Crowdsourcing Public Perceptions of Plastic Surgeons: Is There a Gender Bias?
van Veldhuisen, Charlotte
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CitationBucknor, Alexandra, Joani Christensen, Parisa Kamali, Sabine Egeler, Charlotte van Veldhuisen, Hinne Rakhorst, Irene Mathijssen, Samuel J. Lin, and Heather Furnas. 2018. “Crowdsourcing Public Perceptions of Plastic Surgeons: Is There a Gender Bias?” Plastic and Reconstructive Surgery Global Open 6 (4): e1728. doi:10.1097/GOX.0000000000001728. http://dx.doi.org/10.1097/GOX.0000000000001728.
AbstractBackground: Implicit gender bias may result in lower wages for women, fewer leadership positions, and lower perceived competence. Understanding public and patient gender preferences for plastic surgeons may enable opportunities to address public perceptions. This investigation evaluates public preferences for a plastic surgeon’s gender or demeanor. Methods: Members of the Amazon Mechanical Turk crowdsourcing platform read 1 of the 8 randomly assigned scenarios describing a hypothetical situation requiring a plastic surgeon to operate on their mother. The scenarios differed only by surgeon gender, surgeon demeanor (“agentic,” traditionally more masculine versus “communal,” traditionally more feminine), or type of surgery. Using a Likert scale, respondents indicated their agreement with 7 statements on surgeon competence, skills, leadership qualities, likeability, respect, trustworthiness, and, ultimately, preference as a surgeon. Independent t tests were used to compare scores. Lower scores indicated a more negative response. Results: Overall, 341 responses were received: 55.7% were male and 45.5% white. There were no significant differences in any of the 7 characteristics assessed when examining by surgeon gender, only. However, female surgeons with a communal demeanor were perceived as less competent (4.32 versus 4.51, P = 0.018) and less skilled (4.36 versus 4.56, P = 0.019) than agentic female surgeons. Male respondents rated female surgeons lower than male surgeons in terms of competence (P = 0.018), skills (P = 0.034), likeability (P = 0.042), and preferred choice as a surgeon (P = 0.033). Conclusions: Women plastic surgeons’ demeanor and respondent gender affected perception of certain characteristics. Women plastic surgeons may consider ways to engage with the public to address possible gender role stereotypes.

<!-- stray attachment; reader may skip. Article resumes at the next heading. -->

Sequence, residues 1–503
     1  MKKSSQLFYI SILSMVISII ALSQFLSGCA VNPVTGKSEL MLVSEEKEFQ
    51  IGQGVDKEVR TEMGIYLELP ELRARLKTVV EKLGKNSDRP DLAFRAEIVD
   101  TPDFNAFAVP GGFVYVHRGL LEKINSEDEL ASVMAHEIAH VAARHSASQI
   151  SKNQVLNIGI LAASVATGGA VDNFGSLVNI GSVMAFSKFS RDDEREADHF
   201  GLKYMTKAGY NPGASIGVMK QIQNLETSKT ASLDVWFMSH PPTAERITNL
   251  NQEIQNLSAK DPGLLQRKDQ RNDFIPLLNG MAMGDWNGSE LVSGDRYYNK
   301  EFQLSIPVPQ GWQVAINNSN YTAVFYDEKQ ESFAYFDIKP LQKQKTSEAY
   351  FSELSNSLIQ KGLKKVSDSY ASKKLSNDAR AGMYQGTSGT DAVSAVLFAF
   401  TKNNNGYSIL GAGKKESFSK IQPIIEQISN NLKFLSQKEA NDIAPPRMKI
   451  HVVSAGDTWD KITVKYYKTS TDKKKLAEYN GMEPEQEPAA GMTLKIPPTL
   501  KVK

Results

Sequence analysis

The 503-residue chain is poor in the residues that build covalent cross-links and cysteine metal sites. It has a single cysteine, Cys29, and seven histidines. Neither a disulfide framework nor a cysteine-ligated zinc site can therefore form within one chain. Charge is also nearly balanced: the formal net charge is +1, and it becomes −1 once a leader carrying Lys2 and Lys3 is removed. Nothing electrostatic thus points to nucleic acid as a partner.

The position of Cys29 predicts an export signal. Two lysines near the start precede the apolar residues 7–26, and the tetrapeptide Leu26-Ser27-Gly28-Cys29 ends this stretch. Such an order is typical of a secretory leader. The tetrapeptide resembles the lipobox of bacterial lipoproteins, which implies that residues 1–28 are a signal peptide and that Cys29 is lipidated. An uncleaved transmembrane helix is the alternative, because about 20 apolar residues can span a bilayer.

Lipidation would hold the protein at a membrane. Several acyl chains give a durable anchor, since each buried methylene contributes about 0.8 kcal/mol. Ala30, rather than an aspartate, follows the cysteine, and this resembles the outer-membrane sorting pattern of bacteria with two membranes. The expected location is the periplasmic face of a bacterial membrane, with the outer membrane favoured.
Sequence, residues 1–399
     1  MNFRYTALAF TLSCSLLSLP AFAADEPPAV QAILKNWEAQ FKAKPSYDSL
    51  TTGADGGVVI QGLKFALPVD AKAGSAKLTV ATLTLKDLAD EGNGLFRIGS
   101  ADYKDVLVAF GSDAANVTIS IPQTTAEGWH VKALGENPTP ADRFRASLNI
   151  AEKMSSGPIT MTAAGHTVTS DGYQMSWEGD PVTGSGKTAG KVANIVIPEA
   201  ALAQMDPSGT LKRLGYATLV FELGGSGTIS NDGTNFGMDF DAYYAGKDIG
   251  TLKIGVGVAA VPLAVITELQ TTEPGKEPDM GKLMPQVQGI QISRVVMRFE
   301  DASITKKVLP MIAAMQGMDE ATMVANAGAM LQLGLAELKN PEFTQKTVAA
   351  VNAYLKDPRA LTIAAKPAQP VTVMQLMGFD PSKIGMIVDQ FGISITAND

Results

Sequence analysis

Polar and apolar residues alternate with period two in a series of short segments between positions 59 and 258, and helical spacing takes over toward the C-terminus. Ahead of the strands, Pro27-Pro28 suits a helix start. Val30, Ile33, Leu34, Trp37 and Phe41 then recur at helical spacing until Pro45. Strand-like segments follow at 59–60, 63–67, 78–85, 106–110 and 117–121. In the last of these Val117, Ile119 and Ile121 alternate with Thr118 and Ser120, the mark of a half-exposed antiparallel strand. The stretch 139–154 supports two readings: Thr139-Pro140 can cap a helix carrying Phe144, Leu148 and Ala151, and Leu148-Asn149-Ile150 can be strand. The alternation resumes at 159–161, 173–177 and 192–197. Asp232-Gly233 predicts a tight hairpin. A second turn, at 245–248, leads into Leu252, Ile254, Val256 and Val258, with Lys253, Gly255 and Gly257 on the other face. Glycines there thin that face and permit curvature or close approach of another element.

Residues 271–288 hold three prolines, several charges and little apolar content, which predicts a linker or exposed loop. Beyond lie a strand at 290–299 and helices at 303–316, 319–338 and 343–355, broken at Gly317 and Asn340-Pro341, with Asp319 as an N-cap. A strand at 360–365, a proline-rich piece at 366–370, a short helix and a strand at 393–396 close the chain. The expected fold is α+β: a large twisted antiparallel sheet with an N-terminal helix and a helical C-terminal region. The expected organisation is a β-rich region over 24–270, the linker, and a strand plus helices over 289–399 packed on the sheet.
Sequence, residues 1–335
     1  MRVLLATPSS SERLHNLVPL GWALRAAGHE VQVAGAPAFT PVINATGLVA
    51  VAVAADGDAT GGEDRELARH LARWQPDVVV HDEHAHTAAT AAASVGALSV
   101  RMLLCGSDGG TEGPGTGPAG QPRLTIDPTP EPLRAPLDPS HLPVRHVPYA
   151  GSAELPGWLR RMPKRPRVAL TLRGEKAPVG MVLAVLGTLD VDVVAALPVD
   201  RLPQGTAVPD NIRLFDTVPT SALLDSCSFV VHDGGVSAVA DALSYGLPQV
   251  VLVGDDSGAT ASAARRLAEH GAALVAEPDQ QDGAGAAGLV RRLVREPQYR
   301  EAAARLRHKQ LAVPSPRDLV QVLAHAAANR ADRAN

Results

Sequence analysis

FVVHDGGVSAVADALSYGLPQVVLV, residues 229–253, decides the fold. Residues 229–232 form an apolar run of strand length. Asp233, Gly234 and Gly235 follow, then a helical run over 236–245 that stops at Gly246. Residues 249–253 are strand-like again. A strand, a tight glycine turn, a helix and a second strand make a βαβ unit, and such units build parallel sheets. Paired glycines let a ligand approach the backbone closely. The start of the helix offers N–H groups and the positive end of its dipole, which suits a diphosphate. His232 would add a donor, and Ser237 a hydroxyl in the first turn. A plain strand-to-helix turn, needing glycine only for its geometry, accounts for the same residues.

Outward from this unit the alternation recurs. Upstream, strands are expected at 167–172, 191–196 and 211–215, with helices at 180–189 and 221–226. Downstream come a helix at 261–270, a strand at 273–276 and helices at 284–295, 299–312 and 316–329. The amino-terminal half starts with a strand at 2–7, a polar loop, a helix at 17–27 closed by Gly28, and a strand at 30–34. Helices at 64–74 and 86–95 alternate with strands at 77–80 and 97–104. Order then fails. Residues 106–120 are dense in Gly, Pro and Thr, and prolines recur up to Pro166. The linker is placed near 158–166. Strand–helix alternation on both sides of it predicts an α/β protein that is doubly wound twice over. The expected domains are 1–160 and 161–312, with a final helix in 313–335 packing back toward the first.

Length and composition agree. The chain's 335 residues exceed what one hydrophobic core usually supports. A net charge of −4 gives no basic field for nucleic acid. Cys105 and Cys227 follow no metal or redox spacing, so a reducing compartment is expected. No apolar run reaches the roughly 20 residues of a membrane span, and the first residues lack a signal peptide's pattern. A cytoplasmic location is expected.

Citable link to this pagehttp://nrs.harvard.edu/urn-3:HUL.InstRepos:37298199
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